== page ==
sx salon 41

October 2022

M. NourbeSe Philip

M. NourbeSe Philip

In this issue we are delighted to bring you an abundance of poetic riches anchored by a special discussion section on M. NourbeSe Philip, edited by Phanuel Antwi. The section brings together the reflections of four poets (Lauren K. Alleyne, David Bradford, Momtaza Mehri, and Juliane Okot Bitek) on Philip’s work and influence and closes with an essay by Philip herself. Antwi’s thoughtful and expansive introduction does everything that is essential to usher you into the section, so here I will note only my own conviction that the scholarship on Philip’s writings, extensive though it is, still has considerable ground to cover in reckoning with the aesthetic, conceptual, ethical, and political terrain that her work has cleared. It brings me great satisfaction that sx salon now has the opportunity to participate in this essential project; I extend my thanks to Phanuel Antwi for curating this remarkable conversation and to all the poets for their contributions.

The celebration of Caribbean poetry continues in our particularly rich reviews section, which begins with poets John Robert Lee and Canisia Lubrin each reviewing a recent collection by the other (Lubrin’s The Dyzgraphxst: A Poem and Lee’s Pierrot, respectively). Marta Fernández Campa reviews The Sea Needs No Ornament / El mar no necesita ornamento, a bilingual anthology of contemporary Caribbean women poets edited by Loretta Collins Klobah and Maria Grau Perejoan; she calls the volume “a rich gathering of … some of the most admired poets writing today.” In her review of dubbin poetry: the collected poems of d’bi.young anitafrika and Staceyann Chin’s Crossfire: A Litany for Survival, Natalie Wall finds both collections “in turn luxurious and sparse, humorous and loving” and “nothing less than a call to action.” Cornel Bogle’s review of David Bradford’s Dream of No One but Myself and Marvin Thompson’s Road Trip closes out the section, noting both volumes’ “disorienting incantations, carefully curated exhibitions of haunted and haunting personas, fragmented memory, and enthralling—though challenging—formal innovations.”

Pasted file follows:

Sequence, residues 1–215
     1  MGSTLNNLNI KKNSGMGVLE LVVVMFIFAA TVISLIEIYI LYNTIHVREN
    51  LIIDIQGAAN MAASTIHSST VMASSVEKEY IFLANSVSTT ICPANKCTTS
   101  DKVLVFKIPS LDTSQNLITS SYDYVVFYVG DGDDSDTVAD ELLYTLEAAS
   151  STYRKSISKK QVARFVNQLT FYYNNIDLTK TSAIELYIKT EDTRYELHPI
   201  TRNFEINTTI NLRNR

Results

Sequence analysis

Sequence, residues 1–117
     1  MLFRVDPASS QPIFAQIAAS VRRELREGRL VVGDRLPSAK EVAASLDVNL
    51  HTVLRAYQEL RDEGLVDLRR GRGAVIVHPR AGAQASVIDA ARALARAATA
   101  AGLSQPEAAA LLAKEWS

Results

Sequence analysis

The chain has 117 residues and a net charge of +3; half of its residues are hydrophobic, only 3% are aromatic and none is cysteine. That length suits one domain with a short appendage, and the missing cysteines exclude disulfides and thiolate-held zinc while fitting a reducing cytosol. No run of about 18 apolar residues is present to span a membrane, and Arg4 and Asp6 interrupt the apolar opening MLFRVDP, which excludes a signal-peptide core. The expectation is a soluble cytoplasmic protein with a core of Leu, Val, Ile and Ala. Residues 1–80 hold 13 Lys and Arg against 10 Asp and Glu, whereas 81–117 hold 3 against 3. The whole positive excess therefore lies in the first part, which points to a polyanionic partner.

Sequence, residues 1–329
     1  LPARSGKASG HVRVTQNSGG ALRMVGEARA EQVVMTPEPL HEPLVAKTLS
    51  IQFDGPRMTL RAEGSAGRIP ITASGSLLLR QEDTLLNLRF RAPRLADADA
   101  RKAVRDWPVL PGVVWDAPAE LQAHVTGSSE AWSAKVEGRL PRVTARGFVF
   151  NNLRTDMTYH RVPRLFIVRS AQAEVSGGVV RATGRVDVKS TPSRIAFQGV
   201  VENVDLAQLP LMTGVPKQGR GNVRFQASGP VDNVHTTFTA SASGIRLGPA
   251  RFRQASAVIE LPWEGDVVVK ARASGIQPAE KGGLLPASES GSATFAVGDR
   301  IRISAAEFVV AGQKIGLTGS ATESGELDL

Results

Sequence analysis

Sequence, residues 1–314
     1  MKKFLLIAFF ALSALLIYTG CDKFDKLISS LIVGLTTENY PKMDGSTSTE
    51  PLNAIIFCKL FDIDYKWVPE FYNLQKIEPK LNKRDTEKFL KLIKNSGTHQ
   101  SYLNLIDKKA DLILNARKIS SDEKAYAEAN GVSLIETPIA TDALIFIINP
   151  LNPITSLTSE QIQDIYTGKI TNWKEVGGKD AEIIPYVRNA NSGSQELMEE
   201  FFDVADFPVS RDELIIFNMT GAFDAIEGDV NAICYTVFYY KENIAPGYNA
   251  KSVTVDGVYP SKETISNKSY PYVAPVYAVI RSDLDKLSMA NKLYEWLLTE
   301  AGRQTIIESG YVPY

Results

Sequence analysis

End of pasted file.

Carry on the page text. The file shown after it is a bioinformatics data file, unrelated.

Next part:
We hope you find this issue inspiring and restorative; stay safe.

Rachel L. Mordecai


Table of Contents



Navigating Vision, Meaning, and History”—John Robert Lee
Review of Canisia Lubrin, The Dyzgraphxst: A Poem (Toronto: McClelland and Stewart, 2020)

An Imagination of Reassembly”—Canisia Lubrin
Review of John Robert Lee, Pierrot (Leeds: Peepal Tree, 2020)

A Powerful Gathering of Poems Illuminates These Pages”—Marta Fernández Campa
Review of Loretta Collins Klobah and Maria Grau Perejoan, eds., The Sea Needs No Ornament / El mar no necesita ornamento: A Bilingual Anthology of Contemporary Caribbean Women Poets (Leeds: Peepal Tree, 2020)

Sistahs and Solidarity—Performing Sex and Politics”—Natalie Wall
Review of Staceyann Chin, Crossfire: A Litany for Survival (Chicago: Haymarket, 2019), and d’bi.young anitafrika, dubbin poetry: the collected poems of d’bi.young anitafrika (Toronto: Spolrusie, 2019)

Poetics as Sweet as Saltfish”—Cornel Bogle
Review of David Bradford, Dream of No One but Myself (Kingston: Brick, 2021), and Marvin Thompson, Road Trip (Leeds: Peepal Tree, 2020)



“‘Disassemble the Ordered’: Reseeing and Reimagining with NourbeSe PhilipPhanuel Antwi

In Whose Language: Lyric Labor and the Black I-mage in NourbeSe Philip’s ‘Meditations on the Declension of Beauty by the Girl with the Flying Cheek-bones’”Lauren K. Alleyne

The Smoke That ThundersDavid Bradford

Six Days, One Night: On NourbeSe Philip’s Coups and CalypsosMomtaza Mehri

Dis Place: On the Second Emancipation Day in CanadaJuliane Okot Bitek

Not Feeling Too British Todaym. nourbeSe philip


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